Biden Administration’s Proposed Reporting Requirements Pose High Cost, Privacy Concerns
The proposal would require CUs to overhaul their internal reporting structures for all accounts with a gross flow above $600.
By Dan Berger, | June 16, 2021 at 09:00 AM (This article, published by CU Times, has been provided here in full, for your convenience.)
American policymakers should be aiming to empower our communities and provide fuel to our local economies as our nation continues to recover from the coronavirus pandemic.
Yet, tucked inside President Biden’s proposed 2022 budget are new reporting requirements for credit unions and other financial institutions that could impose significant costs and compliance burdens on those institutions.
Under the proposed reporting requirements, financial institutions would be required to file an annual information return for any and all business and personal accounts based on the inflows and outflows in a given year. While initially reported as a way to target wealthy tax evaders to close the tax gap, the budget proposes that it includes any account with over $600 in activity, meaning almost all Americans would be included.
While the goal of closing the tax gap is laudable and something we all can support, many questions have arisen about the effectiveness of such a move to address the issue.
Instituting these requirements would require credit unions and other financial institutions to completely revamp and overhaul their internal reporting structures for all accounts with a gross flow above $600, which would be cumbersome, costly and potentially increasingly complex if the reporting regime is expanded further.
Aside from these burdens, it is entirely unclear if these novel requirements would move the needle in helping enhance the IRS’ ability to identify those who do not report taxable income and close the tax gap. Before Congress approves such a costly measure, they should, at the very least, conduct a detailed cost-benefit analysis to assess its viability and impact. Financial institutions, such as credit unions, already provide a lot of data to the government on taxable events, including sale and distributions, via, among others, Forms 1099-INT, 1099-DIV, 1099-B 1099-R and 5498. It is unclear if more data, rather than more effective use of current data, would lead to more tax compliance.
Without solid analysis, policymakers could be doing nothing more than creating more work for Washington bureaucrats, creating new burdens for credit unions and hastening the consolidation of the financial services industry due to high compliance costs.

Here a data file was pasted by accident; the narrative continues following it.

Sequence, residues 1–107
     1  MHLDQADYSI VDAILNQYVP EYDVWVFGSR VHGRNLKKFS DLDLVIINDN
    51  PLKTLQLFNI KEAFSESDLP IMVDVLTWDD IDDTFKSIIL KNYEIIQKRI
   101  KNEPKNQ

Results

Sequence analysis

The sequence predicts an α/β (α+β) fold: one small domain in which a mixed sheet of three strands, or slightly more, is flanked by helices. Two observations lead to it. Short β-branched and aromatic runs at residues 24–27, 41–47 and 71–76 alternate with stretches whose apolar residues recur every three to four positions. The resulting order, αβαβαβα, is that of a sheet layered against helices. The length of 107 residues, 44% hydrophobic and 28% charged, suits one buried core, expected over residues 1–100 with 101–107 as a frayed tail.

Protection of account holder data and privacy related concerns should be top of mind for lawmakers too as these new requirements would provide the IRS with access to more of American consumers’ financial data. Keep in mind, the IRS has faced serious challenges in combating identity theft and false tax returns filed to claim illegal refunds.
To be fair, there are benefits to the proposal, which would include in these new requirements many fintech and crypto companies that operate on the edges of regulation now, allowing a more even playing field for financial institutions with those companies. But there are also other ways to do this without challenging community institutions with new burdens.
We believe it is important that all taxpayers meet their responsibilities, but burdening credit unions and other financial institutions with new costly reporting requirements is not the answer – especially when the benefits are far from certain.
Instead of creating entirely new reporting systems for credit unions and other financial institutions, policymakers would be better off increasing funding to the IRS to hire staff, facilitating targeted auditing of questionable returns and suspicious foreign transactions, and enhancing their already established systems to better analyze current data. This would be a much more efficient and effective approach to closing the tax gap, while not creating new costs and burdens for credit unions and the millions of hard-working Americans they serve.
NAFCU is committed to working with lawmakers to find an appropriate solution that solves the problem. But for now, the reporting requirements inside President Biden’s 2022 budget proposal raise too many concerns.
Dan Berger is president/CEO of NAFCU in Washington, D.C.